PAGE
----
Among its 2021 goals, the ASMFC Lobster Board included actions designed to keep the lobster stock at its highest biological productivity levels, creating a plan to respond proactively to a population decline by increasing protection of the spawning stock biomass. The Board’s proactive approach stands in contrast to a more passive approach taken in the early 2000s in response to the sharp drop in the southern New England lobster populations. Management actions taken then were likely too late because lobster numbers had dropped so precipitously; fewer lobsters were left to survive and successfully reproduce to sustain the population.
The ASMFC’s Lobster Technical Committee considered several options in Addendum 27: to increase the gauge size, institute trap reductions, set seasons, or set quotas. Based on the analysis, the scientists recommended an approach which would sustain the lobster population in the long term. “The Technical Committee decided that changing the gauge size in a targeted fashion would have the best biological impact on the spawning stock,” Reardon said.
Warmer water temperatures throughout the Gulf of Maine have caused female lobsters to reach sexual maturity at a smaller size than was true thirty years ago, according to a recently completed study by DMR. Yet at the current minimum legal size for lobster, less than half are able reproduce before they are caught by the fishery.
Thus, increasing the minimum size in LMCA 1 would allow a greater percentage of female lobsters to reproduce before they are caught. “Delaying harvest by increasing the minimum size by a millimeter or two can make a big difference,” Reardon noted. Because there are so many lobsters at that current minimum size in LCMA 1, making a small change to gauge size would have a proportionally greater impact on the stock. While there likely would be a small reduction in the number of lobsters caught overall, the weight of those caught would be greater in the short term, according to Reardon. In the long term, the lobster population would be able to produce more offspring, putting it in a stronger position to weather environmental changes that may have a negative effect on the habitability of the Gulf for lobster.
Increasing the minimum size in LCMA 3, on the other hand, would not be as beneficial to the spawning stock because the minimum size in that area already allows most female lobsters to reproduce before they are caught by the fishery. Decreasing the maximum size for lobsters caught in LMCA3, however, would benefit the stock by protecting the largest lobsters forever. Reardon acknowledged that there is more uncertainty about the population of larger lobsters and thus how much the lobster stock would benefit from decreases to the maximum gauge, and how this would affect offshore landings. Still, it is known that larger females carry more eggs and that larger males are necessary to mate with larger females.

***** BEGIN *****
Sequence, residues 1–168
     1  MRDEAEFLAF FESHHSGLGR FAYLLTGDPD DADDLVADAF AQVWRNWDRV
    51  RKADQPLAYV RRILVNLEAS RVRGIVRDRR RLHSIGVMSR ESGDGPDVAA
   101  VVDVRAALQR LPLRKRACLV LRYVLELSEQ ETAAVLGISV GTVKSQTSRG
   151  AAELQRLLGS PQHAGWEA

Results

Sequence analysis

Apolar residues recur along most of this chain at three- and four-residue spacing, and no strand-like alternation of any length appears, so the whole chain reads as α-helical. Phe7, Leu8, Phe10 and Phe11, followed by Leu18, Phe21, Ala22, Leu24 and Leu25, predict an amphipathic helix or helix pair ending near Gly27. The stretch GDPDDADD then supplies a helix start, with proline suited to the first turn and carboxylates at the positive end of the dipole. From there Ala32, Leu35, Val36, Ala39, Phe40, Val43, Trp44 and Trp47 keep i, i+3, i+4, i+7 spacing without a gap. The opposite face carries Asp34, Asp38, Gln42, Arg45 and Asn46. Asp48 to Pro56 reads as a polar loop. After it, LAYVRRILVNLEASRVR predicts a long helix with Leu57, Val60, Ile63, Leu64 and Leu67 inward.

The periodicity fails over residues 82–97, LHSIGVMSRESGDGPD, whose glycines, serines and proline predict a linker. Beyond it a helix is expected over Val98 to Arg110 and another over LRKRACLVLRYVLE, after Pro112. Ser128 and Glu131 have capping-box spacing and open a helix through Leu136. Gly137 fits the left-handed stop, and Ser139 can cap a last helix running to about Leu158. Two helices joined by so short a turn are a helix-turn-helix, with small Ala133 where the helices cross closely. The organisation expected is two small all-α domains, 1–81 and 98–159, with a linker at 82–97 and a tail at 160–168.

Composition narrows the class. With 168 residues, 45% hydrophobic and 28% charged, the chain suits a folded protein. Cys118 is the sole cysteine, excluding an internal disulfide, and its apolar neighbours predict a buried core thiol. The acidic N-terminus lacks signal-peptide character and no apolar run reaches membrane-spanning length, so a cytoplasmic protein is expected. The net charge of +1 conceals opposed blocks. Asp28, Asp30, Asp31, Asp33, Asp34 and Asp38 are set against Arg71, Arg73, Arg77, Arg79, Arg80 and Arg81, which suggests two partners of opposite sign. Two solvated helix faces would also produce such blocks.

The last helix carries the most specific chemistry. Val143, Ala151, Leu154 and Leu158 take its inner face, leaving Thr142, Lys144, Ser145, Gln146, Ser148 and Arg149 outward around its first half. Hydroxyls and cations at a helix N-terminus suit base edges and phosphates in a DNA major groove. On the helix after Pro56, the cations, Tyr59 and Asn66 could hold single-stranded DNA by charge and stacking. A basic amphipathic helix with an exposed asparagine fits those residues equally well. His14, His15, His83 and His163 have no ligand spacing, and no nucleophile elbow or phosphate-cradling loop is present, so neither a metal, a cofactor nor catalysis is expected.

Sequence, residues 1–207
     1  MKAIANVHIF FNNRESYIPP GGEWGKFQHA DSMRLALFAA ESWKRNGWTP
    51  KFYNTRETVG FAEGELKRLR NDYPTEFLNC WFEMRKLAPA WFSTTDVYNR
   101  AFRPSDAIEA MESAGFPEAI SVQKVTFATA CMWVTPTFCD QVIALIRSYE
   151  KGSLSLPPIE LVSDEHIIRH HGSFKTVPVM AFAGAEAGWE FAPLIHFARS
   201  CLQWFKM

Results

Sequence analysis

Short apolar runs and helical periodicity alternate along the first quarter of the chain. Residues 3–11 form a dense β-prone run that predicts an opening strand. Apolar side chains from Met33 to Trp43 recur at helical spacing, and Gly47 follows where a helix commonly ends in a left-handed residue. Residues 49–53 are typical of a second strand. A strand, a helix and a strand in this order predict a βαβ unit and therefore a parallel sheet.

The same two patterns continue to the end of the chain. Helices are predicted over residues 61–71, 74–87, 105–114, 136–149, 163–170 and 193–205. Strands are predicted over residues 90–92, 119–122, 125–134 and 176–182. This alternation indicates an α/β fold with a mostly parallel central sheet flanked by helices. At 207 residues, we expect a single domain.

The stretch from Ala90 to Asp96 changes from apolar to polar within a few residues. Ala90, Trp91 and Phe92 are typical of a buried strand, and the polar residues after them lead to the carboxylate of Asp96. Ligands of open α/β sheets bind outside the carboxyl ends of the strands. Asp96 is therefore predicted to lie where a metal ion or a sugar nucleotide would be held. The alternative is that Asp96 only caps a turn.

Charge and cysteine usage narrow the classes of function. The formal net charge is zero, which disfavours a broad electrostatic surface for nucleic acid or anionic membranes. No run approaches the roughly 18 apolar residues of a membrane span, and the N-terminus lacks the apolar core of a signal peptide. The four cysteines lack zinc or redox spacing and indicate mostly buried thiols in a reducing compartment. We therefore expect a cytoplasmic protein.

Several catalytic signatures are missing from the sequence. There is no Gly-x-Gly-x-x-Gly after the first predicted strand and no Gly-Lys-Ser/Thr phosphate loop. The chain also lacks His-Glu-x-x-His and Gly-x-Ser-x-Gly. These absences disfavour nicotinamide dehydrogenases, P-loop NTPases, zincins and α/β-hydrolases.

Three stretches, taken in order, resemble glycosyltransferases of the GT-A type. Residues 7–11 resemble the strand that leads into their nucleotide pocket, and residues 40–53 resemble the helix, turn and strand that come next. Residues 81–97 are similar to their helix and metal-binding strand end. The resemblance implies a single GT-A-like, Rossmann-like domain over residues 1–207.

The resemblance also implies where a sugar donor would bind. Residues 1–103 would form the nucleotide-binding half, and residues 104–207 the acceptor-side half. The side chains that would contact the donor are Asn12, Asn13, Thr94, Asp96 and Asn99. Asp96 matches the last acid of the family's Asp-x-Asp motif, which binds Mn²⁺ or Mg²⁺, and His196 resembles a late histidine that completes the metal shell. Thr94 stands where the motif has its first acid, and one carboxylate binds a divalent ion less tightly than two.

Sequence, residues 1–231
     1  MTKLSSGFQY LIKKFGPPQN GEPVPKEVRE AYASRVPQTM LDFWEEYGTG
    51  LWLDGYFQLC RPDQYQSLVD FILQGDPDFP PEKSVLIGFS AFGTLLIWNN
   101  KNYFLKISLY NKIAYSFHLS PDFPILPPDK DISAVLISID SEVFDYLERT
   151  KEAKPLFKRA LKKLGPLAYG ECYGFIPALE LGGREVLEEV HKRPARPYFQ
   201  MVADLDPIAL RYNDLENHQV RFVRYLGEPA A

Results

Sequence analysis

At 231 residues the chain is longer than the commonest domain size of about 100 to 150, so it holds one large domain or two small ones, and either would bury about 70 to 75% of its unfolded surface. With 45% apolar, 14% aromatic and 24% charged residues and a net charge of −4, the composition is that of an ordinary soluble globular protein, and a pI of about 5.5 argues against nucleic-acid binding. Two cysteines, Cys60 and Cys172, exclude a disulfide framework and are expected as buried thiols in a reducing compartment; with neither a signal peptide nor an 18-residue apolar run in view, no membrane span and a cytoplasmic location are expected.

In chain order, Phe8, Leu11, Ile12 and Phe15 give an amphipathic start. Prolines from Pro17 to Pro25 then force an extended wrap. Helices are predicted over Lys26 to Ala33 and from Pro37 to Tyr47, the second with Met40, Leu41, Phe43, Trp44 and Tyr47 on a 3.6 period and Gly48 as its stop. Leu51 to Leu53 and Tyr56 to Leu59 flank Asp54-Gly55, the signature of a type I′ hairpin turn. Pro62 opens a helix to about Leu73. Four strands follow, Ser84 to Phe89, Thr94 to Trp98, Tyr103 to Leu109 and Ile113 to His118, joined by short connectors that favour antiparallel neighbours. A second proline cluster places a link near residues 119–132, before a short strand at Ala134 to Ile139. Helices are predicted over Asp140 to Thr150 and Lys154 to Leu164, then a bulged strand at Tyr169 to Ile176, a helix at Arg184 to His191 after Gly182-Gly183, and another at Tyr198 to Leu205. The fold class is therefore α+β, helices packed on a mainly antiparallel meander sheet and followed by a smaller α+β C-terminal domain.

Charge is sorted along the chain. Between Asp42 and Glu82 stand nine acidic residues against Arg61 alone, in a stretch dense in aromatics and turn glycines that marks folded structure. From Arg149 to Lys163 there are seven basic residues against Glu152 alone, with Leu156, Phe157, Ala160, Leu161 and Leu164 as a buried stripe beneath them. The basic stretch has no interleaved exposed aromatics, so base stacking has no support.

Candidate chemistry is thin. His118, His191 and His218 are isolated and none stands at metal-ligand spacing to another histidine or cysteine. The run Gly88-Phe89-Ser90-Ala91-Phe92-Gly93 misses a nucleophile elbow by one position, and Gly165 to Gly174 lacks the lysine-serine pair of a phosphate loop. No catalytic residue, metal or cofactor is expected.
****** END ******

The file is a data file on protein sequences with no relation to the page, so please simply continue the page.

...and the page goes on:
A trigger to mandate management chances
One option in the Addendum is to incorporate a “trigger” that would require changes to the lobster fishery management plan if the lobster stock declines by a certain amount. That trigger mechanism would be based on numbers of sublegal lobsters from surveys in Maine, New Hampshire and Massachusetts. Management action would only be triggered based on the last three years of data; prevent management action would not be based on a single year of data.
The 2020 data on sublegal lobsters from those states’ surveys show a 16% decline compared to the 2016-2018 data. ASMFC is waiting for Massachusetts survey data to become available before completing its analysis for the 2021 surveys.
Lobstermen must now wrestle with the question of when they believe action should be taken to prevent the further decline of the lobster stock. And what management changes should be put in place then?
DMR Commissioner Keliher will be meeting with lobstermen to talk about possible answers to that question, most likely in June. The ASMFC may schedule a vote on Addendum 27 for its August meeting.